Fists flew as a fight broke out between lawmakers from opposing parties in Turkey’s parliament Wednesday during a tense discussion about the country’s military involvement in northwest Syria. Dozens of legislators from President Recep Tayyip Erdogan’s party and from the main opposition party were caught on camera pushing and punching each other. Tensions are running high following the deaths of more than 50 Turkish soldiers in Idlib in the past month.
Eight people died after an avalanche hit eastern Turkey on Wednesday, the local hospital said, while the Turkish interior minister was quoted as saying 10-15 people were still trapped under the snow. Meki Arvas, mayor of a district in the eastern province of Van, was quoted by broadcaster NTV as saying a team of 300 people had been working to rescue people trapped under an earlier avalanche on Tuesday.
Turkish President Recep Tayyip Erdogan has said troops have begun moving into Libya after parliament approved the move last week. He said their mission was to ensure stability for the UN-backed Government of National Accord (GNA) in Tripoli. The Libyan government is fighting an insurgency by rebel forces under Gen Khalifa Haftar, based in eastern Libya.
Turkey has dispatched a surveillance and reconnaissance drone to the breakaway north of ethnically divided Cyprus amid tensions over offshore oil and gas exploration, Turkey’s state-run Anadolu news agency said Monday. Kudret Ozersay, foreign minister of the self-declared Turkish Cypriot state, told reporters Sunday that the Turkish deployment would be limited to unarmed drones as there was “no need” for armed ones.
A former British army officer, who helped start the “White Helmets”, an emergency response group in Syria, has been found dead near his home in Istanbul, just days after the Russian foreign ministry menaced him, accusing him of being a spy. James le Mesurier was the director of Mayday Rescue charity that trained members of the Syria Civil Defence, nicknamed the White Helmets, playing a major role in its creation in Turkey in 2013.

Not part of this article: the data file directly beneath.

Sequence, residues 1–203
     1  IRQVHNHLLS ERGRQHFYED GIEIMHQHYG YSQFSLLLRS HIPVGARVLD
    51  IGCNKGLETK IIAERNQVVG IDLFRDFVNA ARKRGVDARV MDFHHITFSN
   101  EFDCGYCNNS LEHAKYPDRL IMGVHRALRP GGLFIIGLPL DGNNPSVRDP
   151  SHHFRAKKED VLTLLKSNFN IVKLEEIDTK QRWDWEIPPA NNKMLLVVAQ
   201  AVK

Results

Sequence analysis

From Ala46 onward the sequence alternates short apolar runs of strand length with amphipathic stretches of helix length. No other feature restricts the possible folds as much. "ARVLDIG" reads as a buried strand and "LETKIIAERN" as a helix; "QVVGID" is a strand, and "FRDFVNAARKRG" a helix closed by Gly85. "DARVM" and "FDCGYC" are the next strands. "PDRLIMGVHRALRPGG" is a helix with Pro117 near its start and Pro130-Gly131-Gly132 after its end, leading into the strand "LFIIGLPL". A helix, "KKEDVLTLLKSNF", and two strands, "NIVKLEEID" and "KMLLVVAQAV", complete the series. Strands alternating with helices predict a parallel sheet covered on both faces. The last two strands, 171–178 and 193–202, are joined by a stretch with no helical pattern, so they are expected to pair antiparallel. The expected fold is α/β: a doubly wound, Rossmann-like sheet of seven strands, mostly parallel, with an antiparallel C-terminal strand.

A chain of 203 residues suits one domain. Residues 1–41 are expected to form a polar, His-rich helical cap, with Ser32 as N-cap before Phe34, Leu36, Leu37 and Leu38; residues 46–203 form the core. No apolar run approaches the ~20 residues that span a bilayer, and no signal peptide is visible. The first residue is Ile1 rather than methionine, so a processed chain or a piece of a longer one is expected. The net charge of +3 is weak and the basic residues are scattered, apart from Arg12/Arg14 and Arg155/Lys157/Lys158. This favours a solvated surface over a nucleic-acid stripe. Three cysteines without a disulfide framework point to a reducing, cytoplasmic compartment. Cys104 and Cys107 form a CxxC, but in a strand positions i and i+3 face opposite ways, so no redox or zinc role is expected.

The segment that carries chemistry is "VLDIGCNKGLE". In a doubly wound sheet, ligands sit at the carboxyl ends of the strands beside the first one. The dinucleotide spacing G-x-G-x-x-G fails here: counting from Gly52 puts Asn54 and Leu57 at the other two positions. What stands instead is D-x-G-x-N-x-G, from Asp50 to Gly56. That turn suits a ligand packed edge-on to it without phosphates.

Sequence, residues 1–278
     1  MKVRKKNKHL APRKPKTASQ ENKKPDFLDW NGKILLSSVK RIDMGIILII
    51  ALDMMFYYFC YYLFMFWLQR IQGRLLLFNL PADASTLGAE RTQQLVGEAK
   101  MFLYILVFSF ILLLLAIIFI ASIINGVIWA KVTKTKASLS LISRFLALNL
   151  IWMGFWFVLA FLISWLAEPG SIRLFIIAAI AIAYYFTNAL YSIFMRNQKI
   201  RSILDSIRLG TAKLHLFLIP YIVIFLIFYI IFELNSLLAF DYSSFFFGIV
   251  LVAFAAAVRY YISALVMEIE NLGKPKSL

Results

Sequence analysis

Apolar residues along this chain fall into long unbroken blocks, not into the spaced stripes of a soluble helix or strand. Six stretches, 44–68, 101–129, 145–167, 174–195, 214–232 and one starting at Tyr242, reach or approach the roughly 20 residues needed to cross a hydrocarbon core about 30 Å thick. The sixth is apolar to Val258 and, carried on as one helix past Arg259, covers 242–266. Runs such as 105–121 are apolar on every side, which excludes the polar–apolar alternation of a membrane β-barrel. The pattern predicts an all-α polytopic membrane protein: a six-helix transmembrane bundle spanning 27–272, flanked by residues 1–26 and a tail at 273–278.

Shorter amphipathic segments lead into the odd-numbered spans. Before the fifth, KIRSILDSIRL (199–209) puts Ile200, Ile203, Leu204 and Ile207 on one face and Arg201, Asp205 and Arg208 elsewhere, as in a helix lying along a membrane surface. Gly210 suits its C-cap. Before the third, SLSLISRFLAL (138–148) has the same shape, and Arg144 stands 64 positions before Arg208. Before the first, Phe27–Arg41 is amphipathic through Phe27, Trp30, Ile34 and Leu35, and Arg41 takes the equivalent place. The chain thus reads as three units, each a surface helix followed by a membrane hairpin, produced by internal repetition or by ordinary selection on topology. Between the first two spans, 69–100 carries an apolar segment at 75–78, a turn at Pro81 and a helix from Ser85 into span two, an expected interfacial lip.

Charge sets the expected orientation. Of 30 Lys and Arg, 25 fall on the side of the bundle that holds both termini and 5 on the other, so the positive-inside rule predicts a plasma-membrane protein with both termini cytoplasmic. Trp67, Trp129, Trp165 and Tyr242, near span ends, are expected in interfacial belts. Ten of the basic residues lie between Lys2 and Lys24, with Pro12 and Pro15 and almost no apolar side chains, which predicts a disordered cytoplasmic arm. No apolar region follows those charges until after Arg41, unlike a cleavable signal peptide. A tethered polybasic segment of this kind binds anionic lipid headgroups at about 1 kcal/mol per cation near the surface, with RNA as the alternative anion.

The Turkish president, Recep Tayyip Erdoğan, has agreed with the US vice-president, Mike Pence, to suspend Ankara’s operation on Kurdish-led forces in north-east Syria for the next five days in order to allow Kurdish troops to withdraw, potentially halting the latest bloodshed in Syria’s long war. Syrian Democratic Forces (SDF) fighters would pull back from Turkey’s proposed 20-mile (32km) deep “safe zone” on its border, Pence told reporters in Ankara on Thursday.
Turkish President Recep Tayyip Erdogan put US President Donald Trump’s letter “in the bin”, the BBC has been told. In the letter dated 9 October, and sent after US troops were pulled out of Syria, Mr Trump told Mr Erdogan: “Don’t be a tough guy. Don’t be a fool!” Turkish presidential sources told BBC Turkish that the letter was “thoroughly rejected” by Mr Erdogan.
Donald Trump spoke directly to the Turkish president, Recep Tayyip Erdoğan, on Monday to demand an immediate ceasefire in Syria while announcing a series of punishments for Ankara. The US president’s conversation with Erdoğan was revealed by the vice-president, Mike Pence. “The United States of America did not give a green light for Turkey to invade Syria,” Pence insisted to reporters at the White House.
President Donald Trump has threatened to destroy Turkey’s economy if the country goes “off limits” following his surprise decision to pull US forces out of north-eastern Syria. Kurdish forces were key US allies in defeating Islamic State (IS) in Syria. But Turkey regards the Kurdish militias, which dominate the US-allied Syrian Democratic Forces (SDF), as terrorists.
The United States said on Wednesday that it was removing Turkey from the F-35 fighter jet program, a move long threatened and expected after Ankara began accepting delivery of an advanced Russian missile defense system last week. Turkey makes more than 900 parts of the F-35, the supply chain would transition from Turkish to mainly U.S. factories as Turkish suppliers are removed.